Tuesday, January 28, 2014

Hugo Winner Review: 2011 Blackout/All Clear

Connie Willis
Completed 1/27/2014, Reviewed 1/28/2014
5 stars

Connie Willis’ two books, “Blackout” and “All Clear”, are actually one novel, published in two volumes.  Willis won the Hugo for both books, not as a tie, but as a single novel.  So I am reviewing the two volumes in one review.  These books bowled me over!  I think this is the best >1000 page novel I’ve ever read, except for LOTR.  I was dreading reading this because of the cumulative size.  But after zooming through the first volume, I couldn’t wait to dive into second.  “Blackout/All Clear” did for me with WWII that “The Doomsday Book” did with the calamity of the black plague.  Willis’ attention to the details of daily life in desperate times created another experience that again left me near tears.

This story is another chapter in the adventures of the historians at Oxford in the mid 21st century who have a device that lets them travel back in time to study the past first hand.  As with her previous books, slippage happens, and the historians don’t get to exactly the correct time they are traveling to.  In this third entry in the Oxford time travel series, several historians go back to World War II Britain.  This time, the slippage is worse, and more horribly, the historians appear to be stranded.   Now they must survive the bombs and try to find a way home, while terrified of the possibility that their presence affect the outcome of the war.

This book may be the most suspenseful book I’ve ever read.  Willis creates a tremendous amount of tension by weaving together the story lines of each of the historians in WWII.  The lines are not only by location, but also by time.  The action takes place in 1940-1941, 1944, 1945, 1995, and 2060.  Through most of the book, you try to piece together how all these time and story lines are related.  Almost every chapter ends in a revelation or a cliffhanger, almost always leaving me gasping, “OH NO!”  or “OMG!”  As the different pieces came together, I was breathless. 

Willis does not write a lot of prose.  Her character and plot development comes mostly from her characters conversations and thoughts.  Willis is masterful at this.  I developed deep feelings for each of the main characters.  I think I most loved Eileen, who continually seems to be derailed by circumstance and her sense of duty.  

I grew terribly fond of the supporting characters as well.  They provide a lot of light humor in the midst of the tragedy that has befallen the main characters.  My favorite supporting character was Sir Godfrey, an aging Shakespearean actor who begrudgingly helps put on free plays for the public with his acquaintances from the bomb shelter they shared.  He’s witty, charming, and of course, always has a theatrical quote for every situation.  Of course the other supporting characters are terribly British, and as we’ve come to expect in many comedies of manners, they always seem to be a little oblivious, focused more on odd details rather than the important issue at hand.  It’s not nearly as funny as "To Say Nothing of the Dog", but it helps break up the tension of the main story lines.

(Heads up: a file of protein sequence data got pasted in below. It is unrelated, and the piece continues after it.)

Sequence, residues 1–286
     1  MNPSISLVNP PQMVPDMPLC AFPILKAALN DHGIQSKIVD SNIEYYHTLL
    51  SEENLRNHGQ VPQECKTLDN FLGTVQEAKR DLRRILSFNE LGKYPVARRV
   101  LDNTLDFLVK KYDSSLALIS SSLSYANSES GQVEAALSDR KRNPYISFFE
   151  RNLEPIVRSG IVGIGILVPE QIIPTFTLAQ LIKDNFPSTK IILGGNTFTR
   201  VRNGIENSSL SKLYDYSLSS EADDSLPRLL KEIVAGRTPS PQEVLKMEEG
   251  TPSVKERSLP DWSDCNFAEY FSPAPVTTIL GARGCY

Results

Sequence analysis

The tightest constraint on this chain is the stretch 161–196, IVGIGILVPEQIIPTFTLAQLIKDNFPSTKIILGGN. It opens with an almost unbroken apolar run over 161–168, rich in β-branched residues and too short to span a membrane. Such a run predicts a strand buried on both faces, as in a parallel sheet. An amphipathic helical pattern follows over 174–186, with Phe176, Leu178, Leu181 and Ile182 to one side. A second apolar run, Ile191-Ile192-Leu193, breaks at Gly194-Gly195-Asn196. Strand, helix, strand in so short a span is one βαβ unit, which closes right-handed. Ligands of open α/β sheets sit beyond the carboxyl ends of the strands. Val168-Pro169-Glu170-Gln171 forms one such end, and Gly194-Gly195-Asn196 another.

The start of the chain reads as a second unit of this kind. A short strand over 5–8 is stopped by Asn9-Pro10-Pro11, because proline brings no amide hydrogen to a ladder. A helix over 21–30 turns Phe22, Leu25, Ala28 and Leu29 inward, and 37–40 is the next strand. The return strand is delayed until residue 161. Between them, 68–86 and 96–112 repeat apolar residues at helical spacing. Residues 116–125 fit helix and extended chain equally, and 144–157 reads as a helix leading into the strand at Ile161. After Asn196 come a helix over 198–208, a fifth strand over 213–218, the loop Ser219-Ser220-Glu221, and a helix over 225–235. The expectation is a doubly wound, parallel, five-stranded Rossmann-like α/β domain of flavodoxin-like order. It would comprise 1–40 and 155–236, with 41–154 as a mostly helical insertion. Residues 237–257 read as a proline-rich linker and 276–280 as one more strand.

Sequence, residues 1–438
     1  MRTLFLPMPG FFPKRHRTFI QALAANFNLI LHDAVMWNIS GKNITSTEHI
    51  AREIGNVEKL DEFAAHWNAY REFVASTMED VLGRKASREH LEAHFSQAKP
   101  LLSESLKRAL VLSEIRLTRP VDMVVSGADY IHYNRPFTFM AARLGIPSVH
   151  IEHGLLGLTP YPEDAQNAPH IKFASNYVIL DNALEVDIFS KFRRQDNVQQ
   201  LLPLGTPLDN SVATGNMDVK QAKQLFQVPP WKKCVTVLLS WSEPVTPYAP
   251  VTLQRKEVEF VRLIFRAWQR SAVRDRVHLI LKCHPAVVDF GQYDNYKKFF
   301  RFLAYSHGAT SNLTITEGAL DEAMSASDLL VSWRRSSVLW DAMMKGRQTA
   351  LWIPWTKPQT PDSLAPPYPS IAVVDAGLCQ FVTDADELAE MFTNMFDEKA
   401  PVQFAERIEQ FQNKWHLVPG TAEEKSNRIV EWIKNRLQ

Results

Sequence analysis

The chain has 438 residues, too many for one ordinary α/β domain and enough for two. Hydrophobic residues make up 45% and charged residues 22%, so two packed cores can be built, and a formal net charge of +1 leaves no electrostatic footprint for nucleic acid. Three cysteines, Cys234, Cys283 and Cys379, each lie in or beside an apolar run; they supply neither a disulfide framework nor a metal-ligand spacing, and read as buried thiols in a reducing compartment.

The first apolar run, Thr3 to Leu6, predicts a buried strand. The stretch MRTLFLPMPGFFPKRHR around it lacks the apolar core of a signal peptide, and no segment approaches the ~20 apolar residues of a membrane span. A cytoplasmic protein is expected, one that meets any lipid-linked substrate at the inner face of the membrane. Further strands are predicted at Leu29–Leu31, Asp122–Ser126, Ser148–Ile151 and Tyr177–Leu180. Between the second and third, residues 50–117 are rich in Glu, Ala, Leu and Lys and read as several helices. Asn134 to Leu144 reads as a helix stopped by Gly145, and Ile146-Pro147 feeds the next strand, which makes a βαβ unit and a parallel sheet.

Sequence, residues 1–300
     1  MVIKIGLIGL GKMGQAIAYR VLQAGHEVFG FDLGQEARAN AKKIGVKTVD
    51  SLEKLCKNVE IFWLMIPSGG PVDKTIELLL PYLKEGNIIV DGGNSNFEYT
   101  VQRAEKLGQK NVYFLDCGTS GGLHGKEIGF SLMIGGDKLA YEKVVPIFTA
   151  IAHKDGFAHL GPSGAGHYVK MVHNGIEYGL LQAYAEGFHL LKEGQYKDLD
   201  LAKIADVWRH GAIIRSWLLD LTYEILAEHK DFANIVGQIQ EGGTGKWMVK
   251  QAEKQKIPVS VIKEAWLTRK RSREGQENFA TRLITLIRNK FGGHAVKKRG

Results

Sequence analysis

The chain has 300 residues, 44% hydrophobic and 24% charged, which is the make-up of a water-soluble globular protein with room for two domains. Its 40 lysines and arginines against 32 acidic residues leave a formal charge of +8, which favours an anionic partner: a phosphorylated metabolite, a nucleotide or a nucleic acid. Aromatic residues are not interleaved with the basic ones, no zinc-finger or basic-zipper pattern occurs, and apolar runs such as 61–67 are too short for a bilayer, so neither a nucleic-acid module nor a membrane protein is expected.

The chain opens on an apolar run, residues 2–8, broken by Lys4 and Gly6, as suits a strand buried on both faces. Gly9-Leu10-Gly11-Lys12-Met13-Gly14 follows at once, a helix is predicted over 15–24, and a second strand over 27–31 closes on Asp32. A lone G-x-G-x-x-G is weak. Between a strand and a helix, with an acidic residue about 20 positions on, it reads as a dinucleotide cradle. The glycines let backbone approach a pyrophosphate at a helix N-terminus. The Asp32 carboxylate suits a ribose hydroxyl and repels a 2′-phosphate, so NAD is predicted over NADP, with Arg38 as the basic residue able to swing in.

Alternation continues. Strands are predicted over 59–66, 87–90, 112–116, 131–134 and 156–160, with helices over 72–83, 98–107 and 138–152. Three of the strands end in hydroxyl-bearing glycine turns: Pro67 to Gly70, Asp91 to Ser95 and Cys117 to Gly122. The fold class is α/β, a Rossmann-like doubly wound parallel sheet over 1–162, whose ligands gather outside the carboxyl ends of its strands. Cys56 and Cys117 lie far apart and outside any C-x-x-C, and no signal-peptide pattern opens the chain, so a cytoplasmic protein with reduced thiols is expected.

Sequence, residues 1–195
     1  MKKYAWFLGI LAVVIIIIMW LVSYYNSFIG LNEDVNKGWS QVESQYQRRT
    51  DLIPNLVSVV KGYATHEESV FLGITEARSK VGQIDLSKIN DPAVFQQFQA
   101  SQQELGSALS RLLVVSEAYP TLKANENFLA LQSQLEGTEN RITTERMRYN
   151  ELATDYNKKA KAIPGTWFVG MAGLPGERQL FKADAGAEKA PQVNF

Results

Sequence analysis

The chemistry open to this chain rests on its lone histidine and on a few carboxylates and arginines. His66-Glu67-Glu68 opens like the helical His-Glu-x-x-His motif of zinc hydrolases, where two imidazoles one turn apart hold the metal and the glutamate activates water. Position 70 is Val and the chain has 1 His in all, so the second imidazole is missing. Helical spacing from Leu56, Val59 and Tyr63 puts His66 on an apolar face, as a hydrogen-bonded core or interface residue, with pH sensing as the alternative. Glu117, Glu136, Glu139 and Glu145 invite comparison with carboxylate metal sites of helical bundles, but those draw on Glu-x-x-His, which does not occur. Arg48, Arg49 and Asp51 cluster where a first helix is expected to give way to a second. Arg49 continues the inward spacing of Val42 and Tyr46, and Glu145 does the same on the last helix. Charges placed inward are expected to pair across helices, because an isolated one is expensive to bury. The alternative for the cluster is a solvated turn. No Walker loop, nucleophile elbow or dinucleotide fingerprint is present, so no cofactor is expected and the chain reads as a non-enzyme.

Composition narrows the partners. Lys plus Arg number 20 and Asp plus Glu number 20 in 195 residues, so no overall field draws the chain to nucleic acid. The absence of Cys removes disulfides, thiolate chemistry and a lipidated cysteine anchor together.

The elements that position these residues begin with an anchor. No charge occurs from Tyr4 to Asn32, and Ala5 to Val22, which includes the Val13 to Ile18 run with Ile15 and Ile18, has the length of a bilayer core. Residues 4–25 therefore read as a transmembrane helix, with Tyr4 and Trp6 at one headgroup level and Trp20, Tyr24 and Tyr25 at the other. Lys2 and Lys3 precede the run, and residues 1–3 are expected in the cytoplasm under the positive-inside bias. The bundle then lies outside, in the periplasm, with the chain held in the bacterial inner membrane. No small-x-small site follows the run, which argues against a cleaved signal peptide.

Mostly, the supporting characters and their situations help you understand life in London during the Blitz.  By reading this book, I felt that I got to experience life in Britain during the war, and the valor and spirit of the British people.  Willis did a lot of research in writing this novel, and many of the stories come from her interviews with people who survived these times.  That becomes really evident in the day to day interactions between the historians and the “contemps”.  It provides a great understanding of the concept of ordinary people doing extraordinary things in extraordinary times.  

As much as I want to gush about this book, I do have to admit there are some flaws.  There was one story line that didn’t grab me as much as all the others.  That was of an historian working on a disinformation team.  The team was anonymous, working with code names from Wilde’s “The Importance of Being Earnest.”  It was a cute concept, but much of the patter between the characters was a bit dry.  It picked up when they had specific missions, but it’s probably the only place in the two books where I found myself fading out.  However, it was worth getting through those chapters, because how they came together with the other plot lines amazed me.  

Another flaw was that the main character Polly spent a lot of time thinking the same thoughts over and over again.  She was continually stressing about how she needed to hide her revelations of the historians’ plights from them and how they might have altered the outcome of the war as well as the lives of the contemps with whom they interacted.  At times, it got a bit tiring.  It felt like hashing and rehashing.  Nonetheless, I loved Polly is a beautifully drawn character, and I loved her almost as much as Eileen.  

While I felt the need to mention these flaws, they are a minor annoyance when compared to the experience of the novel as a whole.  It’s incredibly fast-paced with intertwining plots, wonderful characters, and heart-wrenching twists.  When I read a book I want to have an experience.  I don’t have to cry over every book, but I love when I am emotionally moved as profoundly as I was with this.  Between “Blackout/All Clear” and the “The Doomsday Book,” Connie Willis has provided me with two of the most moving experiences I’ve had in SF.  Like “The Doomsday Book,” I give “Blackout/All Clear” five stars.  (Note: although I’ve read and reviewed “The Doomsday Book” and "To Say Nothing of the Dog", I haven’t posted them yet.  They will be coming soon!)

No comments:

Post a Comment